There are few, if any, downsides to filling out the FAFSA. One of the biggest deterrents is that the application process can be time-consuming and requires a lot of information. Having the necessary paperwork ready when you begin the form will make applying much easier. The IRS Data Retrieval Tool also streamlines the process for many students by automatically transferring the required tax information into the FAFSA form.
Another deterrent is the belief that filling out the FAFSA is just for student loans, or that once you apply for aid you can't turn down a loan offer. However, applying for aid through the FAFSA means students might qualify for grant money and other aid they don't have to repay.
Taking out loans is a choice students can make down the road or refuse altogether. You don't have to accept loans you are offered, and you can choose to accept a smaller loan amount than the total you are offered if you want to borrow less. You may also have the option to accept the loan amount later on after declining if you change your mind.
Students from middle and high-income families should still apply as the calculations for determining aid are complicated, making it difficult to predict whether or not you'll qualify. Students who are confused by the application can find answers to many of their questions in this guide, or through nonprofit groups and other agencies that support students through the application process.
If you still can't find the answer to your question or are confused, contact the
Federal Student Aid Information Center
to get one-on-one support through a live chat option, by email, or over the phone.
Generally, financial aid recipients must be U.S. citizens or eligible noncitizens, have a Social Security number, be accepted to or enrolled in a degree or certificate program from an accredited school, and have a high school diploma or GED.
There are some specific instances where students who don't meet these requirements can still get aid detailed on the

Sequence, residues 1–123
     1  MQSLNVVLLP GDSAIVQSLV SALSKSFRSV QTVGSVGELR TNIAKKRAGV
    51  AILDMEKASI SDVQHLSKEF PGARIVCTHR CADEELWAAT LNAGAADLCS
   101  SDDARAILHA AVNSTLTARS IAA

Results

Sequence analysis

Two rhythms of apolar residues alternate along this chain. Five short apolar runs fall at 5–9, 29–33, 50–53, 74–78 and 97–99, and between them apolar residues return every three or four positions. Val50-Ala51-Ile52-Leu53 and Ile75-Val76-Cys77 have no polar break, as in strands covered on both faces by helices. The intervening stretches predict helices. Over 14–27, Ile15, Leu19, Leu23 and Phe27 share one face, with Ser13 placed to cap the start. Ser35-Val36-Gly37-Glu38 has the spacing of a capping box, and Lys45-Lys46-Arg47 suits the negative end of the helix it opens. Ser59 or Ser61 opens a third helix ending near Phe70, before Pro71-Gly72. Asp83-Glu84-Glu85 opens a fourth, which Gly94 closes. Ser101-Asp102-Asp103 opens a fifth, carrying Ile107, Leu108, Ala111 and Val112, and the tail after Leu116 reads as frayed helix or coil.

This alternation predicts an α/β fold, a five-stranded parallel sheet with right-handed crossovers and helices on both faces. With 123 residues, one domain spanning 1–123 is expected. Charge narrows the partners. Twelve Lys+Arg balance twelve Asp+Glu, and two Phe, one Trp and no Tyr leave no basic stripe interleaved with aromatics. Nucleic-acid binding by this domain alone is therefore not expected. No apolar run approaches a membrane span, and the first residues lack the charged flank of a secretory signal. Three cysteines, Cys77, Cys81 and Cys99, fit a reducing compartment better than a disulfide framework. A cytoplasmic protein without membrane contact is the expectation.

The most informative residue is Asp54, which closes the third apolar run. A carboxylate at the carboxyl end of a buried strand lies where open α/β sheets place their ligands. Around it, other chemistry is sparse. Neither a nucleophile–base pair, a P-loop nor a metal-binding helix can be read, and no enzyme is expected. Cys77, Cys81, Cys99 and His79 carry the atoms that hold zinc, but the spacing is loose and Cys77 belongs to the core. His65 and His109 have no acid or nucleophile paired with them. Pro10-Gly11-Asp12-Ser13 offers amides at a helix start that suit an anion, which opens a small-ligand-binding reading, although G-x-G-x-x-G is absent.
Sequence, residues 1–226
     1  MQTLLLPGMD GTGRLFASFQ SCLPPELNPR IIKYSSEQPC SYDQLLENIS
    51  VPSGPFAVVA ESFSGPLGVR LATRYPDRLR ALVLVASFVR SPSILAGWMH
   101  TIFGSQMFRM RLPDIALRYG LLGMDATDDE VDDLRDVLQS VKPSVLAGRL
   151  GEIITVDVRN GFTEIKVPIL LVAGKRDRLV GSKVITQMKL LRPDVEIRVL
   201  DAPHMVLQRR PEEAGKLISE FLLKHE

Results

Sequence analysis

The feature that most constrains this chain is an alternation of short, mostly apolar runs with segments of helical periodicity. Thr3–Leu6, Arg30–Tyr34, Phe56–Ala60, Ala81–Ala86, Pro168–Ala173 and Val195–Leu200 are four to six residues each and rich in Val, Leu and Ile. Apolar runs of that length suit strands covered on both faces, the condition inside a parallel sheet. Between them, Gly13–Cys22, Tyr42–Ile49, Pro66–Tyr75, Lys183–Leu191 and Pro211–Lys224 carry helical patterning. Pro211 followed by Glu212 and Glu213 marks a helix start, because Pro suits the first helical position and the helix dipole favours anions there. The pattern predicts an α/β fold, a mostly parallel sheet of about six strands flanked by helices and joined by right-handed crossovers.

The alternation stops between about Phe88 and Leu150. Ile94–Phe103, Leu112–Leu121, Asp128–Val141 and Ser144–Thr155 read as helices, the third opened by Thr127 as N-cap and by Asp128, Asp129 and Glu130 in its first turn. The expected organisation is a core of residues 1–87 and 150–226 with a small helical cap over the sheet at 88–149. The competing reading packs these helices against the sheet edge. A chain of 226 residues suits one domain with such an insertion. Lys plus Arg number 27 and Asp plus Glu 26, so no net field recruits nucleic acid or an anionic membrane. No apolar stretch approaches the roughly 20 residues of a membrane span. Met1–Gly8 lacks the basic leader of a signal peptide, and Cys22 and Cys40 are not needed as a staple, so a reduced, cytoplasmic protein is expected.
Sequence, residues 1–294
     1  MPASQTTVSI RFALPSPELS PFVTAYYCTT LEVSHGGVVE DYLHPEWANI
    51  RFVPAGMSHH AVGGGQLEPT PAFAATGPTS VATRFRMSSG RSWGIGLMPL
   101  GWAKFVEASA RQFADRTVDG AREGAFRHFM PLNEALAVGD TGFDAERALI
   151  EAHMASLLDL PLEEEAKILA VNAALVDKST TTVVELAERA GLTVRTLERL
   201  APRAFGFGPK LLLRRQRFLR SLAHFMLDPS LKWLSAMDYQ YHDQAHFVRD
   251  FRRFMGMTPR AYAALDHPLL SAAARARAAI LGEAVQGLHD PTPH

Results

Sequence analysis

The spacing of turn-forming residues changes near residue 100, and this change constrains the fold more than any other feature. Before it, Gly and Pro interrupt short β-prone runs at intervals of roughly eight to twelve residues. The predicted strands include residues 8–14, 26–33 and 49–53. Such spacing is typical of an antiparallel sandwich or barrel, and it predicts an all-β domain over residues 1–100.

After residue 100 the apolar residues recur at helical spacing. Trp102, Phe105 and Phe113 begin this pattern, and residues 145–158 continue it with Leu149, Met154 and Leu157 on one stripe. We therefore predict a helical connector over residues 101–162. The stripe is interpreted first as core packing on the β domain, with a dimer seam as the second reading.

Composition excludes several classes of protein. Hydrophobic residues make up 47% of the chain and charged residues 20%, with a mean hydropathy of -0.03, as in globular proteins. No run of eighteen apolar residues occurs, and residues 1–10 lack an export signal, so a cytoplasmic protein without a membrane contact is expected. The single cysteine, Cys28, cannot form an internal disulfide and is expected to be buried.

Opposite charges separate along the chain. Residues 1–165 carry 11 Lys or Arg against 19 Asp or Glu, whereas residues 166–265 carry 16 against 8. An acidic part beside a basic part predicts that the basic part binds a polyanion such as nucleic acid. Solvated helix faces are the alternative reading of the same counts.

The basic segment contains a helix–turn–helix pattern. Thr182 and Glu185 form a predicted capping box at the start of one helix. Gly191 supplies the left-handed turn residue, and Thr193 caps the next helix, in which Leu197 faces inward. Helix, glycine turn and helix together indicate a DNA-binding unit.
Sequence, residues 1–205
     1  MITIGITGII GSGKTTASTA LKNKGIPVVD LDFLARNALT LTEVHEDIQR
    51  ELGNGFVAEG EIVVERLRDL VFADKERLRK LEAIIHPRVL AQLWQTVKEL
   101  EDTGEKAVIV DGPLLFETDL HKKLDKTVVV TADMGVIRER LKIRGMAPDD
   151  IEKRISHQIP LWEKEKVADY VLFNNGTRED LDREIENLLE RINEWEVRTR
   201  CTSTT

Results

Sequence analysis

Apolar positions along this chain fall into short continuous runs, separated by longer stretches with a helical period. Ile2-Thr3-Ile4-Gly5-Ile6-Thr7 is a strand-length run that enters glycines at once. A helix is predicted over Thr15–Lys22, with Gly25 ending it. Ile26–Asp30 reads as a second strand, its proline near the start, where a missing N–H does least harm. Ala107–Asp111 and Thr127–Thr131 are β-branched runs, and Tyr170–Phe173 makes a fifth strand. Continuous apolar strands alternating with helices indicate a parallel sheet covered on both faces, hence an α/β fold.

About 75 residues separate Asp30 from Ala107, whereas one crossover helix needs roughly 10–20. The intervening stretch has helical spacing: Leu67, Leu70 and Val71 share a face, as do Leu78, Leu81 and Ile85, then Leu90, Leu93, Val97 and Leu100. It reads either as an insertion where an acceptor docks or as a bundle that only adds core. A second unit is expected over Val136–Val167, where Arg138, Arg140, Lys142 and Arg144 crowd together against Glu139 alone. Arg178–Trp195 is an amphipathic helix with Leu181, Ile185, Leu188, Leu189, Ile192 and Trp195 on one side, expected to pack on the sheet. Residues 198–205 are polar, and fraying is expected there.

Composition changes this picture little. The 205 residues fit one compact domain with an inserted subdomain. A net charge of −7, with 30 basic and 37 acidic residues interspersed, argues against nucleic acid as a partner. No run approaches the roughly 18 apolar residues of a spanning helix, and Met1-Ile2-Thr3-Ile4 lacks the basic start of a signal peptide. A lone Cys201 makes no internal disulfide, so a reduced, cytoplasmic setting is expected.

Federal Student Aid website
Aside from these requirements, students must maintain academic progress during their studies to keep their financial aid. Each college sets its own standards for defining academic progress. People assigned male at birth also must register with the
Does the FAFSA Cover Graduate School?
Although the Pell Grant is typically limited to undergraduate degrees, graduate students are still eligible for federal aid through FAFSA. Students looking to enroll in graduate school may still qualify for the TEACH Grant, the work-study program, direct unsubsidized loans, grad-PLUS loans, and funding from their state and school.
Graduate students can minimize their student loans by seeking out scholarships, research grants, or part-time work related to their degree through their university. Some graduate students choose to earn their master's or doctorate online through part-time or accelerated programs that allow them to continue to work while earning their degrees. To help students decide whether a graduate degree will be financially worth it, we've
online master's programs by earning potential.
Do I Need to Have Good Grades to Get Financial Aid?
The federal government does not take GPA into account when awarding most types of federal funding. However, students must meet their school's requirements for maintaining "satisfactory academic progress" to be eligible for aid and continue receiving it. Typically this includes taking a minimum number of courses and maintaining a 2.0 GPA once enrolled. If your grades begin to fall or you are considering dropping credits or taking a quarter off, check with the financial aid office or academic advisor at your school to determine how this could affect your financial aid.
Can International Students Apply for Financial Aid Through the FAFSA?
Most of the time, international students do not qualify for federal financial aid. Non-U.S. citizens who do qualify for federal financial aid include U.S. nationals, U.S. permanent residents, refugees, those who hold T-visas or have parents who have T-1 nonimmigrant status, and citizens of the Federal States of Micronesia, the Republic of the Marshall Islands, or the Republic of Palau. There are a few other exceptions to this for non-citizens listed on the
Federal Student Aid website
. International students should check with the financial aid office at their school to find out if institutional aid is available to them.
Filling out the FAFSA form is the first and most important step in mapping out how you will pay for college. It can get complicated, but this step-by-step guide will help you navigate the process.